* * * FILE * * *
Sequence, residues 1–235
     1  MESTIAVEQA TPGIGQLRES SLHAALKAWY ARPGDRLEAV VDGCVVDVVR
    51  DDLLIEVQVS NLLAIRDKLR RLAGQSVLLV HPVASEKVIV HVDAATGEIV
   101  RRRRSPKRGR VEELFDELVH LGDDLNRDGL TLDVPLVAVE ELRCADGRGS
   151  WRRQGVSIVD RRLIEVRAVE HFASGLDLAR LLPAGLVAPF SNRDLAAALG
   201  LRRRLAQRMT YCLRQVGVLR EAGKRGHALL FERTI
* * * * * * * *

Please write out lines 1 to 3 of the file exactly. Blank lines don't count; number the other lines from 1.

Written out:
Sequence, residues 1–235
     1  MESTIAVEQA TPGIGQLRES SLHAALKAWY ARPGDRLEAV VDGCVVDVVR
    51  DDLLIEVQVS NLLAIRDKLR RLAGQSVLLV HPVASEKVIV HVDAATGEIV